For C and C++, includes is any #include statements needed by the code in function-body (includes is ignored if the currently selected language is Fortran or Fortran 77). The compiler and compilation flags are determined by the current language (see section Language Choice), and in addition LDFLAGS and LIBS are used for linking.

Macro: AC_TRY_LINK_FUNC (function, [action-if-found]@c,   [action-if-not-found]@c)

This macro is equivalent to

 
AC_LINK_IFELSE([AC_LANG_CALL([], [function])],
  [action-if-found], [action-if-not-found])

See AC_LINK_IFELSE.

Macro: AC_TRY_RUN (program, [action-if-true]@c,   [action-if-false]@c, [action-if-cross-compiling]@c)

Same as:

 
AC_RUN_IFELSE(
  [AC_LANG_SOURCE([[program]])],
  [action-if-true],
  [action-if-false],
  [action-if-cross-compiling])

See section Checking Runtime Behavior.

Macro: AC_TYPE_SIGNAL

If `signal.h' declares signal as returning a pointer to a function returning void, define RETSIGTYPE to be void; otherwise, define it to be int. These days, it is portable to assume C89, and that signal handlers return void, without needing to use this macro or RETSIGTYPE.

When targetting older K&R C, it is possible to define signal handlers as returning type RETSIGTYPE, and omit a return statement:

 
RETSIGTYPE
hup_handler ()
{
…
}
Macro: AC_UID_T

Replaced by AC_TYPE_UID_T (see AC_TYPE_UID_T).

Macro: AC_UNISTD_H

Same as `AC_CHECK_HEADERS([unistd.h])' (see AC_CHECK_HEADERS).

Macro: AC_USG

Define USG if the BSD string functions are defined in `strings.h'. You should no longer depend upon USG, but on HAVE_STRING_H; see Standard Symbols.

Macro: AC_UTIME_NULL

Replaced by AC_FUNC_UTIME_NULL (see AC_FUNC_UTIME_NULL).

Macro: AC_VALIDATE_CACHED_SYSTEM_TUPLE ([cmd]@c)

If the cache file is inconsistent with the current host, target and build system types, it used to execute cmd or print a default error message. This is now handled by default.

Macro: AC_VERBOSE (result-description)

Replaced by AC_MSG_RESULT (see AC_MSG_RESULT).

Macro: AC_VFORK

Replaced by AC_FUNC_FORK (see AC_FUNC_FORK).

Macro: AC_VPRINTF

Replaced by AC_FUNC_VPRINTF (see AC_FUNC_VPRINTF).

Macro: AC_WAIT3

This macro was renamed AC_FUNC_WAIT3. However, these days portable programs should use waitpid, not wait3, as wait3 has been removed from Posix.

Macro: AC_WARN

Replaced by AC_MSG_WARN (see AC_MSG_WARN).

Macro: AC_WITH (package, action-if-given,   [action-if-not-given]@c)

This is an obsolete version of AC_ARG_WITH that does not support providing a help string (see AC_ARG_WITH).

Macro: AC_WORDS_BIGENDIAN

Replaced by AC_C_BIGENDIAN (see AC_C_BIGENDIAN).

Macro: AC_XENIX_DIR

This macro used to add `-lx' to output variable LIBS if on Xenix. Also, if `dirent.h' is being checked for, added `-ldir' to LIBS. Now it is merely an alias of AC_HEADER_DIRENT instead, plus some code to detect whether running XENIX on which you should not depend:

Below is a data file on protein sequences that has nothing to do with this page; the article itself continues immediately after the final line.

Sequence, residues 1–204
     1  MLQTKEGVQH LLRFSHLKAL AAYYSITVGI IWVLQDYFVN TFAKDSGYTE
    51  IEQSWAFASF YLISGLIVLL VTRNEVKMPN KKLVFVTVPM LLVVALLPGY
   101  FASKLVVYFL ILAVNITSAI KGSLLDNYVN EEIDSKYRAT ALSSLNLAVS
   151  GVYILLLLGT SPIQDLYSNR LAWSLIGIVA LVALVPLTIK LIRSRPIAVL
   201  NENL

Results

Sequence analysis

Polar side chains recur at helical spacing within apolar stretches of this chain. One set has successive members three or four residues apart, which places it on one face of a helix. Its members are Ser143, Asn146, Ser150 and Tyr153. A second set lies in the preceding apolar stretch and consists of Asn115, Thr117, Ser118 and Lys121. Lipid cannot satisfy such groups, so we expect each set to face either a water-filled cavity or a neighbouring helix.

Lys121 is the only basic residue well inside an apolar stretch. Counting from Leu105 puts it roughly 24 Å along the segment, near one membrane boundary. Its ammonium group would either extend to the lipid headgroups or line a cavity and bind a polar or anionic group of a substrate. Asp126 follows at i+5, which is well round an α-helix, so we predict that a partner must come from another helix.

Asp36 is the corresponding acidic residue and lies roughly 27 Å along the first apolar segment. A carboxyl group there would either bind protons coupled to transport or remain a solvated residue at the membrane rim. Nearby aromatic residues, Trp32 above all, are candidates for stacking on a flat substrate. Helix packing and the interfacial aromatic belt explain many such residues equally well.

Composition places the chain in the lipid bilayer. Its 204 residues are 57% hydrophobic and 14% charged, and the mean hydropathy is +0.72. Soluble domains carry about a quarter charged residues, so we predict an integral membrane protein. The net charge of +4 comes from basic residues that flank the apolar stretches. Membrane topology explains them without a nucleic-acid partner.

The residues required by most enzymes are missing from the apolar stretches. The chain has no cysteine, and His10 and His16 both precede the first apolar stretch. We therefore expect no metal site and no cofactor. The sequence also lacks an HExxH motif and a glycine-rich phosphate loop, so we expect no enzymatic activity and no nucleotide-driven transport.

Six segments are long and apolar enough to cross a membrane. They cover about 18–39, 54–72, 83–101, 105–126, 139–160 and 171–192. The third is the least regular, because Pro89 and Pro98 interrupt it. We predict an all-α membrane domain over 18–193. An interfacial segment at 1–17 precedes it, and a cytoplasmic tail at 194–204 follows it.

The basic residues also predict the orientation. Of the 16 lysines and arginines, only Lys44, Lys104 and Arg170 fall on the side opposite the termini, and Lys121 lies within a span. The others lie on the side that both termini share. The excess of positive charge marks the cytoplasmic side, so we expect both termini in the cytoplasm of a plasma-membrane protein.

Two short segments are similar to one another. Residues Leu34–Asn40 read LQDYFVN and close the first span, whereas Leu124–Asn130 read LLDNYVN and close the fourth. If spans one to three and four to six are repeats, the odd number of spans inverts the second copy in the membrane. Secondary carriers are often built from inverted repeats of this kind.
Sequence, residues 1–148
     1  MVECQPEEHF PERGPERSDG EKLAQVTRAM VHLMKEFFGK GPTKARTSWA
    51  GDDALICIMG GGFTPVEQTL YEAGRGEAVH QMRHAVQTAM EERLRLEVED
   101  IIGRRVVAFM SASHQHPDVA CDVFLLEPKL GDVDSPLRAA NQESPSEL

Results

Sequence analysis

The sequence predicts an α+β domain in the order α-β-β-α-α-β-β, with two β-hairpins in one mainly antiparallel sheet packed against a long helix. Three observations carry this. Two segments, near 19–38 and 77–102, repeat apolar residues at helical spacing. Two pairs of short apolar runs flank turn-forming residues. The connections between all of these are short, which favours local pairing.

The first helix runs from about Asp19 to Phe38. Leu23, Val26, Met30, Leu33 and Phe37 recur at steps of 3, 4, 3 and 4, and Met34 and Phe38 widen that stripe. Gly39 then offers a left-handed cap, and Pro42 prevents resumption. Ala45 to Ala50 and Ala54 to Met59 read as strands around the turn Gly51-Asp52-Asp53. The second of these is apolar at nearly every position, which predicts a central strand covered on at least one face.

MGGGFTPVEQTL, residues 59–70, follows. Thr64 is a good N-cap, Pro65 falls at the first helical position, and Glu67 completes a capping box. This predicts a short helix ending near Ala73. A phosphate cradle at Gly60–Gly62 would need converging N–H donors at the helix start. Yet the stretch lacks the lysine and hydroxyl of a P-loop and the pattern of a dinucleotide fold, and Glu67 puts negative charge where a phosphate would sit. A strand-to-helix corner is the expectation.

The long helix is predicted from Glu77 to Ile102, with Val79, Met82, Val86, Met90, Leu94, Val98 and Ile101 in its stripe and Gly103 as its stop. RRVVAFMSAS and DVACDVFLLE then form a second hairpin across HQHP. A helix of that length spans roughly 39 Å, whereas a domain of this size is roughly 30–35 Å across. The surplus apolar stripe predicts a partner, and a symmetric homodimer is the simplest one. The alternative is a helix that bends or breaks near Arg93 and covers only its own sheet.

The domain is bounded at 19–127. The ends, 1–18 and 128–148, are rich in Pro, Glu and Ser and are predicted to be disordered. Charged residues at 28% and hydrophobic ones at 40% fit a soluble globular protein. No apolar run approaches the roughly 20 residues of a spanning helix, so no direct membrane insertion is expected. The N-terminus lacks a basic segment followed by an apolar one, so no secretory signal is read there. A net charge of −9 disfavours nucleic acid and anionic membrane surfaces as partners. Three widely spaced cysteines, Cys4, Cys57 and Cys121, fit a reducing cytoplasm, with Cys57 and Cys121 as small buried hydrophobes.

AC_MSG_CHECKING([for Xenix])
AC_EGREP_CPP([yes],
[#if defined M_XENIX && !defined M_UNIX
  yes
#endif],
             [AC_MSG_RESULT([yes]); XENIX=yes],
             [AC_MSG_RESULT([no]); XENIX=])

Don't use this macro, the dignified means to check the nature of the host is using AC_CANONICAL_HOST (see section Getting the Canonical System Type).

Macro: AC_YYTEXT_POINTER

This macro was renamed AC_DECL_YYTEXT, which in turn was integrated into AC_PROG_LEX (see AC_PROG_LEX).


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18.5 Upgrading From Version 1

Autoconf version 2 is mostly backward compatible with version 1. However, it introduces better ways to do some things, and doesn't support some of the ugly things in version 1. So, depending on how sophisticated your `configure.ac' files are, you might have to do some manual work in order to upgrade to version 2. This chapter points out some problems to watch for when upgrading. Also, perhaps your configure scripts could benefit from some of the new features in version 2; the changes are summarized in the file `NEWS' in the Autoconf distribution.


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18.5.1 Changed File Names

If you have an `aclocal.m4' installed with Autoconf (as opposed to in a particular package's source directory), you must rename it to `acsite.m4'. See section Using autoconf to Create configure.

If you distribute `install.sh' with your package, rename it to `install-sh' so make builtin rules don't inadvertently create a file called `install' from it. AC_PROG_INSTALL looks for the script under both names, but it is best to use the new name.

If you were using `config.h.top', `config.h.bot', or `acconfig.h', you still can, but you have less clutter if you use the AH_ macros. See section Autoheader Macros.


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18.5.2 Changed Makefiles

Add `@CFLAGS@', `@CPPFLAGS@', and `@LDFLAGS@' in your `Makefile.in' files, so they can take advantage of the values of those variables in the environment when configure is run. Doing this isn't necessary, but it's a convenience for users.